Dialogue: It Matters!!!

real-life-is-sometimes-boring-rarely-conclusive-and-boy-does-the-dialogue-need-work-quote-1I am doing yet another blog on dialogue. It’s one of the most important parts of your novel and will lead to your downfall if not done correctly.

A few important things to keep in mind when writing dialogue:

  • Dialogue is not real speech. It is the illusion of real speech.  Your dialogue should not be wordy or too formal-unless you’re talking to your boss or doing a presentation. Think about how you talk to friends and family. You don’t always use complete sentences. You trip over each other. Sometimes you don’t even get your complete thoughts out because of the constant interruptions.
  • With dialogue, you can choose your words more carefully. When we speak to people, we may  think, I wish I had said this or that, or I wish I had said that differently. Well in Dialogue you can.  Edit your words to say just what you want, but make them sound natural.
  • Fictional dialogue always has a point. You can’t waste words talking about the weather. Your dialogue has to move the story forward.
  • Your characters are not the same and should speak differently. Some people are quiet, others are domineering. Some people only want to talk about themselves, are manipulative and downright unbearable to be around 🙂 Are they educated or uneducated? Are they from Alabama or New York? I think you are getting the picture.
  • A character will even change the way they speak based on who they are having a conversation with. I speak differently to my husband than I do to my son. I speak differently to my boss than I do my friend.
  • Dialogue used for exposition can be tricky.  It is almost always better to try to find another route, unless you have mastered the skill.  In most cases, a narrative summary is a much better choice. Who wants to read three pages of two characters bouncing back and forth explaining what they already know?
  • Try to avoid synonyms for ‘he said, she said’. You know what I’m talking about. She whined, he exploded, she shrieked. All you are doing is driving your reader crazy and calling attention to an action you should be showing. You should even avoid ‘he said, she said’ as much as possible.
  • What’s not said is just as important as what is said.

I can honestly say I have been guilty of breaking all of the rules in writing dialogue, and not in a good way.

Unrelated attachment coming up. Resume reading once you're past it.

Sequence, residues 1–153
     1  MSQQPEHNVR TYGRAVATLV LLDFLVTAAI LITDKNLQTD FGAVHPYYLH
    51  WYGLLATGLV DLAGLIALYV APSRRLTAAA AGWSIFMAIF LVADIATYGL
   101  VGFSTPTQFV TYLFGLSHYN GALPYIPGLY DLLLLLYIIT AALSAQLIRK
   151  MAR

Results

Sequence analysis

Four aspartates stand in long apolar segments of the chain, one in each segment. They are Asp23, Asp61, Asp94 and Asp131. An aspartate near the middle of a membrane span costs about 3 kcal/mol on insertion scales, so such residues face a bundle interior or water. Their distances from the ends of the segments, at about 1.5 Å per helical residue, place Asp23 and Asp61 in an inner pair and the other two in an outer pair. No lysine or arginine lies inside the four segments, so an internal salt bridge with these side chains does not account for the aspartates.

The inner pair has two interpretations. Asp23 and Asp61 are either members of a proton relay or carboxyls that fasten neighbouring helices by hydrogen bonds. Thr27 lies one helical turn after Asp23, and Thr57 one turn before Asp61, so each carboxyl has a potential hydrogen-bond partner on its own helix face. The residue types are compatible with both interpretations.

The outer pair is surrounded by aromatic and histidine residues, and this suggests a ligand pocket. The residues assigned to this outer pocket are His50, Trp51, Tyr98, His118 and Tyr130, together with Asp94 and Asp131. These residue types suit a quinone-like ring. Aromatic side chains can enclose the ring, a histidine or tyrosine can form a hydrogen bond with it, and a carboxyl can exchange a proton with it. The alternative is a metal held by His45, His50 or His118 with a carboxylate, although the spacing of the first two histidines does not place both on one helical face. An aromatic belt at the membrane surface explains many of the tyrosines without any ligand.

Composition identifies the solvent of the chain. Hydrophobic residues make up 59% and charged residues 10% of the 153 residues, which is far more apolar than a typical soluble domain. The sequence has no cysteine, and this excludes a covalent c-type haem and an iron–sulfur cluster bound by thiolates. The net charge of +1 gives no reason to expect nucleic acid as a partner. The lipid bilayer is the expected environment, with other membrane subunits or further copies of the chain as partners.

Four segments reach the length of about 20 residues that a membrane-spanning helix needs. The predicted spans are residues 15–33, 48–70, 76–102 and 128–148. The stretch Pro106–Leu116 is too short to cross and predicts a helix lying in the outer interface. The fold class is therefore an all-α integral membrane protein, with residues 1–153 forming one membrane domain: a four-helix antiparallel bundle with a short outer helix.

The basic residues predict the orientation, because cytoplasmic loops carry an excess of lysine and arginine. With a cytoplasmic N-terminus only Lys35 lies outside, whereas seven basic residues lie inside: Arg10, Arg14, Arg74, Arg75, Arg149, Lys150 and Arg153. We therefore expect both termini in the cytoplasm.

I hope this helps some of you newbies out there to avoid some of my more memorable mistakes. Dragging dialogue 🙂 Really!

-Jan R

Dialogue: It Matters!!!

Dialogue Vs. Conversation: They’re Not The Same!

good_dialogueWriting dialogue isn’t as straight forward as it would seem. It was one of the areas I was dinged on when I first submitted my manuscript. According to a literary agent, my dialogue dragged. Basically I wrote out conversations just like real people talk. After taking a few classes and looking at published authors’ work, I did get a grasp of what the literary agent was saying.  My dialogue was weighing the story down and offering unnecessary detail. It caused everything to come to a stop.

Fictional speech is more focused and coherent than real speech. It has a purpose. You can’t just rant and rave about the newest fashion with your friends, unless it’s an integral part of the story that provides information you are going to need later.

It should flow. If you can feel yourself reading, then stopping for a brief conversation, and then reading again, something isn’t quite right.

Conversation works best when combined with thoughts, actions and settings.  Don’t separate them, but interweave them. People don’t stop to talk. They keep doing what they are doing, unless it’s something really important that demands their full attention.


The day had been crazy, but it wasn’t over yet. Walking into the conference room, Mark  found Ellen sitting at the head of the table preparing packets for their upcoming meeting.

“Sorry I’m late,” he said, walking over to offer assistance.

Handing him a few, she looked him in the eye, anger and disappointment written all over her face. “Isn’t that your norm?”

Mark grasped for something to say that would ease the tension between them and get him through this day. Staring at the packets he was at a loss. What she said was true, and he couldn’t explain why. At least not now.

Easing herself up, she walked by him without saying another word.

“Well that didn’t go well at all,” he said quietly to himself, as he continued to prepare for the meeting. He would attempt to smooth things over with his secretary later, but for now he had a business to save.

By interweaving thought, action, setting, and dialogue, the scene moved forward seamlessly, pulling your reader into the story 🙂

-Jan R


Dialogue Vs. Conversation: They’re Not The Same!